Mit viel Freude lese ich diese Erzählung von Patrick Naughton (mirror) "The Long Strange Trip to Java" über die Anfänge von Java(früher Oak-Object Application Kernel) und das ganze Ambiente und die Stimmung bei SUNW bzw. "The Green Project" in den frühen Neunzigern. Patrick ist der mit der schwarzen Brille:
His bookshelf was full of the classics of computer science. Horowitz, Knuth, Foley and Van Dam, Xerox bluebooks, SIGGRAPH and OOPSLA proceedings, the collected works of Breathed and Larson. Clearly, James was not your garden variety programmer. In retrospect, I should have been in awe, lying prostrate doing my best Wayne Campell, "I'm not worthy" impression. Fortunately for me, I was too clueless to know who James Arthur Gosling was.
So, I worked my way through the CS curriculum and learned lots of interesting and esoteric programming languages like LISP, Scheme, Prolog, SETL, Forth, and SmallTalk. I spent the summer as the lead engineer on an ill-fated project to save the world from terrorism. We had a chemistry professor with a god complex who had slipped one morning in the shower and bumped his head. When he woke up, he saw a statistical relevance between capacitance, conductance, frequency and the amount of explosive material inside of a pair of capacitor plates. We spent the summer of '87 on the SUNY Potsdam campus in an abandoned dormitory, listening to the Iran Contra trials on NPR, while building the world's most expensive Rube Goldberg voodoo-statistics-driven capacitor.
We were ftping from the Suns to MIT to get stuff from GNU. Who can forget "ftp prep.ai.mit.edu"? It is where we all learned to spell "anonymous".
Bei Oak ging es wirklich immer um eine Plattform, der Star 7 war ein Prototyp dafür:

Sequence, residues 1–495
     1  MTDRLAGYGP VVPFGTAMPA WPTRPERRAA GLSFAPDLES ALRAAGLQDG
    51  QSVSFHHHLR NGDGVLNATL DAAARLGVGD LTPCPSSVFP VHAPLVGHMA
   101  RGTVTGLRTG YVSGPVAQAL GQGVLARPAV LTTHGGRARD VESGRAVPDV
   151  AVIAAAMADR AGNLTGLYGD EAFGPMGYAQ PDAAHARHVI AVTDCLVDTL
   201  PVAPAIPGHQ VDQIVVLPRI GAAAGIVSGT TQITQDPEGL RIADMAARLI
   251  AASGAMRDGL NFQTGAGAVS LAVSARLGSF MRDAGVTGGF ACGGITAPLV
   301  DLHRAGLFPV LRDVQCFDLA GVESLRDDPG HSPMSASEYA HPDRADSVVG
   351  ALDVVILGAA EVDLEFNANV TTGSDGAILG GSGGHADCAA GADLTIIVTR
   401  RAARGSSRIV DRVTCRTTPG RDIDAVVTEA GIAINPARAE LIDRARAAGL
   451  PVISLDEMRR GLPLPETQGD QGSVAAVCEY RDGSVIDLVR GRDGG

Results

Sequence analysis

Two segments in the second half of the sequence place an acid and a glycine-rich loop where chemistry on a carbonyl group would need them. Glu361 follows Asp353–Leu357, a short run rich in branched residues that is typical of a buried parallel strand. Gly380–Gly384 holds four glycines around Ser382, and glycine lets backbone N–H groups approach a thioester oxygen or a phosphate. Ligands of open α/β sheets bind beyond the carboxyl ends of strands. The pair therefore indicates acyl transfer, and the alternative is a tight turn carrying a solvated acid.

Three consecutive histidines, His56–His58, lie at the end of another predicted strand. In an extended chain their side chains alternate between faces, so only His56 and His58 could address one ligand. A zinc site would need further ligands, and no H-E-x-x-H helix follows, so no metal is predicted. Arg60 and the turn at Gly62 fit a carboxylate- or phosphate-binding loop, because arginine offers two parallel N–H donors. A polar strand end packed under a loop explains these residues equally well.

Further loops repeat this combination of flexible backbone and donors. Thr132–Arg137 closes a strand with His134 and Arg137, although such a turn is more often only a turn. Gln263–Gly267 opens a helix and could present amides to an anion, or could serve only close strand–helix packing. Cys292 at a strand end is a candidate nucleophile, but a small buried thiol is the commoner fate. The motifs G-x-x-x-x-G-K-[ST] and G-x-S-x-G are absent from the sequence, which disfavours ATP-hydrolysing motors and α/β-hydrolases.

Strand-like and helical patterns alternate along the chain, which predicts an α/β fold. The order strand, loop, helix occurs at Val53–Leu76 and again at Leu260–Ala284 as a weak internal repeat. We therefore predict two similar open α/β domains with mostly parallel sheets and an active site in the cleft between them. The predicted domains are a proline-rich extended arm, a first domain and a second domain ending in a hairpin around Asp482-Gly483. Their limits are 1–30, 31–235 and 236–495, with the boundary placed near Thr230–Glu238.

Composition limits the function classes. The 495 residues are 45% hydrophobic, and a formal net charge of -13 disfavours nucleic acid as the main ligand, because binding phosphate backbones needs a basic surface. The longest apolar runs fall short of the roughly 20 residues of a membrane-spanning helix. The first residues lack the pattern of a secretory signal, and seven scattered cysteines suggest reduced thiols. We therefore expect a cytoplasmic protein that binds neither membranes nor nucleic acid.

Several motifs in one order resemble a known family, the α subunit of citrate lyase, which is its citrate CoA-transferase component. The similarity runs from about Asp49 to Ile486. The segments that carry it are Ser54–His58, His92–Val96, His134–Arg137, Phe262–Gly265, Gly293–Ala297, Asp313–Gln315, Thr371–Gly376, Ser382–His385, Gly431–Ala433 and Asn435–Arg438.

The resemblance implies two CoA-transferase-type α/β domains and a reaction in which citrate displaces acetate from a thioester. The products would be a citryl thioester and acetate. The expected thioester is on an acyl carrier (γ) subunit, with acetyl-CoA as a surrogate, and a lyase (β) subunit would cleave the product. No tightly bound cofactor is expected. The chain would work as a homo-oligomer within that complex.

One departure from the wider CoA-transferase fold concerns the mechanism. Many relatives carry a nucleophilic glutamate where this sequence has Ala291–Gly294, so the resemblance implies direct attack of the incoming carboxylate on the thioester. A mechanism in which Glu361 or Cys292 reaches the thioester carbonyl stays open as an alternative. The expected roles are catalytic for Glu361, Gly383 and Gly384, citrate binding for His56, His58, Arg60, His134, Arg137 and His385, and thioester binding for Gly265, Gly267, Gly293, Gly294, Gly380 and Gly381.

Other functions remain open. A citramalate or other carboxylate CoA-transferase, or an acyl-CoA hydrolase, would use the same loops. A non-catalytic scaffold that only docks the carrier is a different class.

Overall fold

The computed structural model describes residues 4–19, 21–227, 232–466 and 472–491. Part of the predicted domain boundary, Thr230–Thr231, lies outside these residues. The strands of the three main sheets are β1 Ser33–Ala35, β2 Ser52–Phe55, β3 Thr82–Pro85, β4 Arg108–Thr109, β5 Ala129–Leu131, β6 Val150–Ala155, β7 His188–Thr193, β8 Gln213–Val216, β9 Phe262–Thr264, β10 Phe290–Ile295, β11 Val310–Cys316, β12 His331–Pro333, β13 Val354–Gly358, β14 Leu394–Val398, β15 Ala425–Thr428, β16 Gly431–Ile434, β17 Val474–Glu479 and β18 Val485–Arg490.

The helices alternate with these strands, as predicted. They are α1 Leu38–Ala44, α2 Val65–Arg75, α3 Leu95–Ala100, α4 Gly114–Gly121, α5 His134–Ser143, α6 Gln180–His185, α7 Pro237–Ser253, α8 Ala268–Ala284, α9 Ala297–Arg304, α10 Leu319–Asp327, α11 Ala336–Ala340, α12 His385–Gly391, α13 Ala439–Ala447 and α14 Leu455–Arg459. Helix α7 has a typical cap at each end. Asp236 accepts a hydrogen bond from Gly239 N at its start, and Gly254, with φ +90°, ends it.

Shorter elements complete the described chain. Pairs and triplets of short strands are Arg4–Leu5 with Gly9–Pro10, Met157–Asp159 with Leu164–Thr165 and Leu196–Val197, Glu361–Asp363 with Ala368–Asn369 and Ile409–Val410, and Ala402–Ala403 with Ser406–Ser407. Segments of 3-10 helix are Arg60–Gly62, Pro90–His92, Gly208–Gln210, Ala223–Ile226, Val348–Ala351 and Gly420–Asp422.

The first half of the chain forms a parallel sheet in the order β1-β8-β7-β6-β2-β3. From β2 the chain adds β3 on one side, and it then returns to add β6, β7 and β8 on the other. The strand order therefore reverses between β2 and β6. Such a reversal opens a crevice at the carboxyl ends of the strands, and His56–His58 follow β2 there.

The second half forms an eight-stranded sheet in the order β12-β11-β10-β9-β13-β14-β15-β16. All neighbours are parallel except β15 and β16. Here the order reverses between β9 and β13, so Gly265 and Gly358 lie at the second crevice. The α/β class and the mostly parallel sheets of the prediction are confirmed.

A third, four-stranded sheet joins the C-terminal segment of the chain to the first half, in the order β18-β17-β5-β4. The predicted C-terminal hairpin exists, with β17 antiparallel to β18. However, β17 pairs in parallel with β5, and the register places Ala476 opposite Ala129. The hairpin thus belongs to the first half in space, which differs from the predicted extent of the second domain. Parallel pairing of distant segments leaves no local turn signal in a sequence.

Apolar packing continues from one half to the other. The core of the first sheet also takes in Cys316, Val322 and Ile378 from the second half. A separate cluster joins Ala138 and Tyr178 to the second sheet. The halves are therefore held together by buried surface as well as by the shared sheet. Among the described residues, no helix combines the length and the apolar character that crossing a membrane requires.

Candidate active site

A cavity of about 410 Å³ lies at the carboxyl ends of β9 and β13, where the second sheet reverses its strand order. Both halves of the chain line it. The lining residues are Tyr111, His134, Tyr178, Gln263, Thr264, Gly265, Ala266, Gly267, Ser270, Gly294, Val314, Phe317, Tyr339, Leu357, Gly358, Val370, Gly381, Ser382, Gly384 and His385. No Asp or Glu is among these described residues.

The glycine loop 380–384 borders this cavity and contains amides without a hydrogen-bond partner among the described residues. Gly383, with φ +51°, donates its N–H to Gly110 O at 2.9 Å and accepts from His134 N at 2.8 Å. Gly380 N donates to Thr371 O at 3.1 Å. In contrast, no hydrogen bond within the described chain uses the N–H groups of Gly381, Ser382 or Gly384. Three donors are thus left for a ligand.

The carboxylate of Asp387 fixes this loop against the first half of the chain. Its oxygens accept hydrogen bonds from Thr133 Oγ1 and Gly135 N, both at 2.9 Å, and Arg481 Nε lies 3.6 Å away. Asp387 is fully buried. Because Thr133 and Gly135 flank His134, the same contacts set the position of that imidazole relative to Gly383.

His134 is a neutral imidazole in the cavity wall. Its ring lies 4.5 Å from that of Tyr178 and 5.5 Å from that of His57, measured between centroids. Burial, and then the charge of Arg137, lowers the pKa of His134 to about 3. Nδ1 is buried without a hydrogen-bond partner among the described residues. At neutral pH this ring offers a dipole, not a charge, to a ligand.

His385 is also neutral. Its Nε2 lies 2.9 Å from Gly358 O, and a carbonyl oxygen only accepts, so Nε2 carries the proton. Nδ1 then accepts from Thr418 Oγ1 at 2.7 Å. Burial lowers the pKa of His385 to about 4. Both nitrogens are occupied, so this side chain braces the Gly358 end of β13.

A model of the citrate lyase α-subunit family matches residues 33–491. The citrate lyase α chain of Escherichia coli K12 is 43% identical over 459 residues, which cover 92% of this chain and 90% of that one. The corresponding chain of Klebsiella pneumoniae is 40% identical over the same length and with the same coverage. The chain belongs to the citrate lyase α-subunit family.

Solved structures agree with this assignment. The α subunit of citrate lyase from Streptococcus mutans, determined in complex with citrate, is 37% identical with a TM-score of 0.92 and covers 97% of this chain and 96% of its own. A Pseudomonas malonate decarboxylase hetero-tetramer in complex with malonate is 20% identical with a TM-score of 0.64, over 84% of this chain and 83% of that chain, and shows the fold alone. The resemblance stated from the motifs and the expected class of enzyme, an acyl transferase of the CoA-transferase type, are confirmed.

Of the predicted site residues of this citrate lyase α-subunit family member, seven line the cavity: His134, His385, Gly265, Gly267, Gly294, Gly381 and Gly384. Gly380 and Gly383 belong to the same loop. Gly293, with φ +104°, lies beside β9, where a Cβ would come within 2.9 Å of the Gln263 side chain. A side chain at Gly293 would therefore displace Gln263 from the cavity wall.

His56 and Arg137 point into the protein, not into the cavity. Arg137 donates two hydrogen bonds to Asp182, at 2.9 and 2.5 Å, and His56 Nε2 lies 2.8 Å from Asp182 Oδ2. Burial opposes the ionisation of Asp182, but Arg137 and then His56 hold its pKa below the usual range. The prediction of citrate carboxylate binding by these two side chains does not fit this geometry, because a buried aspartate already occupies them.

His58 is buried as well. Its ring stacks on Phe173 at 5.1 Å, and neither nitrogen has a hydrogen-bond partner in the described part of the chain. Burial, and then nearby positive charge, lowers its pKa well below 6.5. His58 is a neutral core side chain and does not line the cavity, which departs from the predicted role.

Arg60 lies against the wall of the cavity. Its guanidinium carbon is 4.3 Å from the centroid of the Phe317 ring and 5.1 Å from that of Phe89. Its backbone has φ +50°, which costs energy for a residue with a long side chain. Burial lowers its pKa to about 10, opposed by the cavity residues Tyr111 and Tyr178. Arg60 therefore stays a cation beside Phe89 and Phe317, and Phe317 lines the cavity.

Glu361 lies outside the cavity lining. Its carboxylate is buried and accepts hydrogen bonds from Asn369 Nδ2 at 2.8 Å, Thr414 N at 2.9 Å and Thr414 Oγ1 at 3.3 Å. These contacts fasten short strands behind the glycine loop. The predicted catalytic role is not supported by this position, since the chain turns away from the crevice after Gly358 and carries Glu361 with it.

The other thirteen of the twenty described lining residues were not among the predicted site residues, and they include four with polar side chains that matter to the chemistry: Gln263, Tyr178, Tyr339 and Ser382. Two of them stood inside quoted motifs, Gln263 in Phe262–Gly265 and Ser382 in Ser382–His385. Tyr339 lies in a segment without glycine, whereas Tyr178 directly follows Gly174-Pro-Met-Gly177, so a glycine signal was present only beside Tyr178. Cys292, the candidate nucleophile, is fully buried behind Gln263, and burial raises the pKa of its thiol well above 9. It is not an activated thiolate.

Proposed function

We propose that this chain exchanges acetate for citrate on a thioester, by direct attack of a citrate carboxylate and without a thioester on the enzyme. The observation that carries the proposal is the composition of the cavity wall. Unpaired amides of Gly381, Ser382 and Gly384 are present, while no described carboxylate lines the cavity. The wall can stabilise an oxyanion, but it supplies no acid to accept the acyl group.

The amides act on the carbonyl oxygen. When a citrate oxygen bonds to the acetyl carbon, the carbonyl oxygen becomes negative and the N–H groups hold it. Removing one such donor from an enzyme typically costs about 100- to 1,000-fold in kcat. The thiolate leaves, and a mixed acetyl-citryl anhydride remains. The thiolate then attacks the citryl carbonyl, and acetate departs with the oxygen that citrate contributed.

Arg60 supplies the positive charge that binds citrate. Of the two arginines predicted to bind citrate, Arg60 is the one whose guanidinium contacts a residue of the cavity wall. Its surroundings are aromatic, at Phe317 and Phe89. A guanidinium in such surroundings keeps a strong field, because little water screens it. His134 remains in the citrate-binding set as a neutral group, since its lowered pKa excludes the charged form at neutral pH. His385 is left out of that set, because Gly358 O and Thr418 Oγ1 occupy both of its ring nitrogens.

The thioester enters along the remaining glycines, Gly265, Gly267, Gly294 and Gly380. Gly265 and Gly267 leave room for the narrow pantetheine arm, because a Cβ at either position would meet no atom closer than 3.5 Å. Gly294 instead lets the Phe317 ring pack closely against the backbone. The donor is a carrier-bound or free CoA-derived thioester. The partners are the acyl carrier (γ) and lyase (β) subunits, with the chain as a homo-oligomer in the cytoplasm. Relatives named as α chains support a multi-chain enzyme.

By the end of the summer of '92. James' language, Oak, was running pretty well. Ed and Craig's Star7 hardware prototype had successfully booted Chris' pared down SunOS. My graphics library was running well on the new display hardware. The Oak class libraries that Jon and I wrote were driving the user interface just fine. And we had all written a bunch of fairly credible consumer applications, like a television program guide, a shared message board, wireless paging, and drag and drop VCR programming. Chris, Jon and Craig even got the wireless data radios to call Oak methods over the wire. The Star7 prototype was finished. And no one died getting it there.
Erst später wurde die Programmiersprache mehr betont (man beachte, dass es closures und continuations schon gab!):
Bill Joy had always been the guardian angel of this project, swooping in to show his support, or save us from budget cuts, but after my blowup with Wayne, he took a more direct role. He wanted to use Oak as a systems programming language for his new operating system ideas. He was often comparing Oak to more complicated and elegant languages like Python and Beta. He would often go on at length about how great Oak would be if he could only add closures and continuations and parameterized types. While we all agreed these were very cool language features, we were all kind of hoping to finish this language in our lifetimes and get on to creating cool applications with it.